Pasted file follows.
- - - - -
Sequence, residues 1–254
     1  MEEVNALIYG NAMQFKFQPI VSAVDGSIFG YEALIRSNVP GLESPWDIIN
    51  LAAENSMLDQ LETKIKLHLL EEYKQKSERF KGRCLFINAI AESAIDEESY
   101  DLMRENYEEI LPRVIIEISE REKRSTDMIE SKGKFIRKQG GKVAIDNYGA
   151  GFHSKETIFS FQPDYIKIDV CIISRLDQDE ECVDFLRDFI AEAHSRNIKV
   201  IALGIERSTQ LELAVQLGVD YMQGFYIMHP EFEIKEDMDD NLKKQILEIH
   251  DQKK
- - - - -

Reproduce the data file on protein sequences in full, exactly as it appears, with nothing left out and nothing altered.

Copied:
Sequence, residues 1–254
     1  MEEVNALIYG NAMQFKFQPI VSAVDGSIFG YEALIRSNVP GLESPWDIIN
    51  LAAENSMLDQ LETKIKLHLL EEYKQKSERF KGRCLFINAI AESAIDEESY
   101  DLMRENYEEI LPRVIIEISE REKRSTDMIE SKGKFIRKQG GKVAIDNYGA
   151  GFHSKETIFS FQPDYIKIDV CIISRLDQDE ECVDFLRDFI AEAHSRNIKV
   201  IALGIERSTQ LELAVQLGVD YMQGFYIMHP EFEIKEDMDD NLKKQILEIH
   251  DQKK